Wednesday, December 26, 2007

Groups receiving FCR aid say more positive stories should be written about FCR's project

An article appearing in last week's issue of the Courier-Life chain read a bit like something out of The Onion, if you read between the lines.

The article, headlined Yards proponents: Leave Bruce alone, began by casting Forest City Ratner and its partners as the underdog:
Local supporters of the Atlantic Yards project charged last week that the community is being choked out of any positive coverage occurring between developer Forest City Ratner Companies (FCRC) and the local community.


Well, "the community" isn't being choked, because it's hard to define what exactly "the community" is. Yes, most of the coverage lately has been critical, but that could be attributed to the understanding that, while many arguments have been made in favor of jobs and housing, elected officials have become more concerned about arena security and even Deputy Mayor Dan Doctoroff acknowledges that the process was inadequate.

Paging the CBA

The article says supporters point out that the developer "has thus far lived up to their end of the Community Benefits Agreement (CBA) signed with seven organizations."

The article quotes Charlene Nimmons, "who signed the CBA on behalf of the New York City Housing Authority Tenants Association." Actually, there's no such citywide group; rather, there are local tenant associations.

Nimmons represents a created-for-the-CBA group, Public Housing Communities, involving certain housing authority tenant associations in Brooklyn. (This appears to be their web site, but there's no content, so it's not very helpful.)

Nimmons cited a "FCRC-sponsored Economic Resource Fair" that her organization hosted, helping more than 40 people register for job training, job opportunities, and high school degrees.

While such an effort certainly is positive, it doesn't exactly justify the Atlantic Yards project. After all, the cost is a negligible part of FCR's expenses and such resources can also be provided by other organizations.

And let's not forget that all of the CBA signatories supported the project, unlike the CBA model pioneered in Los Angeles. And that CBA events have tended to be invitation-only rather than open to the public.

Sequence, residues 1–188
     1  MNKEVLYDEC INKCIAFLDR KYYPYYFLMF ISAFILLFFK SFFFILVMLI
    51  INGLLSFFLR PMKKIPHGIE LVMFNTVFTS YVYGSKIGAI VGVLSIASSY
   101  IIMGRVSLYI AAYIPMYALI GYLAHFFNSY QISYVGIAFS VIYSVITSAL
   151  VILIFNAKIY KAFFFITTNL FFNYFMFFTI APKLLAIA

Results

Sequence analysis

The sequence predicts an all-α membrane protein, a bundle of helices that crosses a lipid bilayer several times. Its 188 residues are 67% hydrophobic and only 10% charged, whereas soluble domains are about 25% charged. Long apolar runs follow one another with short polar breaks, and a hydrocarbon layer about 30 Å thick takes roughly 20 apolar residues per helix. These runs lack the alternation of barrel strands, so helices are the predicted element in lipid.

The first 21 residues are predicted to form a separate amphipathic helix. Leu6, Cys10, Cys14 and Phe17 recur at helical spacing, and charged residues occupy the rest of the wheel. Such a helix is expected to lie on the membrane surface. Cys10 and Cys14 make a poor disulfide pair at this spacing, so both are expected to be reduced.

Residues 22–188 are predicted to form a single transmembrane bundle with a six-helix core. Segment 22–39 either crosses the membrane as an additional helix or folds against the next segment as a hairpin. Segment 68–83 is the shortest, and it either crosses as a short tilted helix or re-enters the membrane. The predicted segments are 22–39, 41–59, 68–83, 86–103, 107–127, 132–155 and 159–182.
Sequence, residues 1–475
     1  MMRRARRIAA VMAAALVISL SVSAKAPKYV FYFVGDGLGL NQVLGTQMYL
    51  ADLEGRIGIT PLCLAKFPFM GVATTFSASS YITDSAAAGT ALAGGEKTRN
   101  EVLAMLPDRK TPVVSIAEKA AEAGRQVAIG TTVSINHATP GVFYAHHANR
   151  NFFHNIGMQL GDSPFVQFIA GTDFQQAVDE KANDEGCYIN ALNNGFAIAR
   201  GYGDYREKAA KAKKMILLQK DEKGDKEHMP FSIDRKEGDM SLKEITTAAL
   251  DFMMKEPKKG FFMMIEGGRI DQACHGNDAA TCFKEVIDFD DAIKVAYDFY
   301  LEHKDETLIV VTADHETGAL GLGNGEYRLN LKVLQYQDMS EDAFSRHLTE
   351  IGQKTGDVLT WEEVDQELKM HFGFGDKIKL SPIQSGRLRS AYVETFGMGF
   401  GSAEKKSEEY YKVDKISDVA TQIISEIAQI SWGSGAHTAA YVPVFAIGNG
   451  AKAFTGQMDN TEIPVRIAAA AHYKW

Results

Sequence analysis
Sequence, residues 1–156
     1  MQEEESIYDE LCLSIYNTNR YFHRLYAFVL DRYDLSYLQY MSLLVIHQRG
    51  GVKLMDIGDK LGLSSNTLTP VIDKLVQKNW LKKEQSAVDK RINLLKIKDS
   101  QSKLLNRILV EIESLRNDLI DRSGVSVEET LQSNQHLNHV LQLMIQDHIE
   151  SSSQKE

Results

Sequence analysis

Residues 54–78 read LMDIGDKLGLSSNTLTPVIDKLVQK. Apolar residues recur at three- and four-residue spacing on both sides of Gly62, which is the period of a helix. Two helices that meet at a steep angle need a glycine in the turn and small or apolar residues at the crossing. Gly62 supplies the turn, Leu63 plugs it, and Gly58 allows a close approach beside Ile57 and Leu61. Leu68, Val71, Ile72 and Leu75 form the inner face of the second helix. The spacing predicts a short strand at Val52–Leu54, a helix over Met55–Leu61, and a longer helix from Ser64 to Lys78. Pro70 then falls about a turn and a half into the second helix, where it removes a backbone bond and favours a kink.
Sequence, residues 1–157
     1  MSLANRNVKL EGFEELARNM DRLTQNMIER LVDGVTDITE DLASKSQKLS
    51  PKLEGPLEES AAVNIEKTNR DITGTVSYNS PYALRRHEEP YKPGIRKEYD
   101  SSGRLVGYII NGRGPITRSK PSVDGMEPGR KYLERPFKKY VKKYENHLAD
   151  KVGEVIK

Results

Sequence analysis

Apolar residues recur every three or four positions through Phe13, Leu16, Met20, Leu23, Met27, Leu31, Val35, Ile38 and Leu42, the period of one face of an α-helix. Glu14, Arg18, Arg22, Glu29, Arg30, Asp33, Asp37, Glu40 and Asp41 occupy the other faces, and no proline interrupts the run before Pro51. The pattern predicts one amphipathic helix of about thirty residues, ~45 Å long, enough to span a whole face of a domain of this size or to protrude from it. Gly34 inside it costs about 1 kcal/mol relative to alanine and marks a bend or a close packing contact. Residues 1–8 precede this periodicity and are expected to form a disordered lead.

Praise from Rev. Daughtry

The article concludes:
Another CBA signatory, Rev. Herbert Daughtry from the House of Our Lord Church, 413 Atlantic Avenue, said FCRC has thus far lived up to all the terms of the CBA regarding health initiatives.

Daughtry, whose organization is spearheading the drive to put a health/intergenerational facility within the project as per the CBA, said FCRC has sponsored meetings with local doctors and health care workers to address health issues in the community.

FCRC has also agreed to allow 10 community-related events a year at the new arena once it's built, with all proceeds going to enhancing community programming, said Daughtry, adding FCRC has also agreed to form a community foundation with the money allocated to the community.

"We made it very clear that whatever amount of money is raised, a percentage will go to people in the community having the severest crises and a [sic] another percentage to people doing prison work," said Daughtry.

"We have had no problems with them (FCRC) at this point and don't anticipate we will have any," said Daughtry.


What meetings? What issues? How much might be raised? And how much money is Daughtry, along with other CBA signatories, being paid? He wouldn't say. And Forest City Ratner has been vague or refused to answer.

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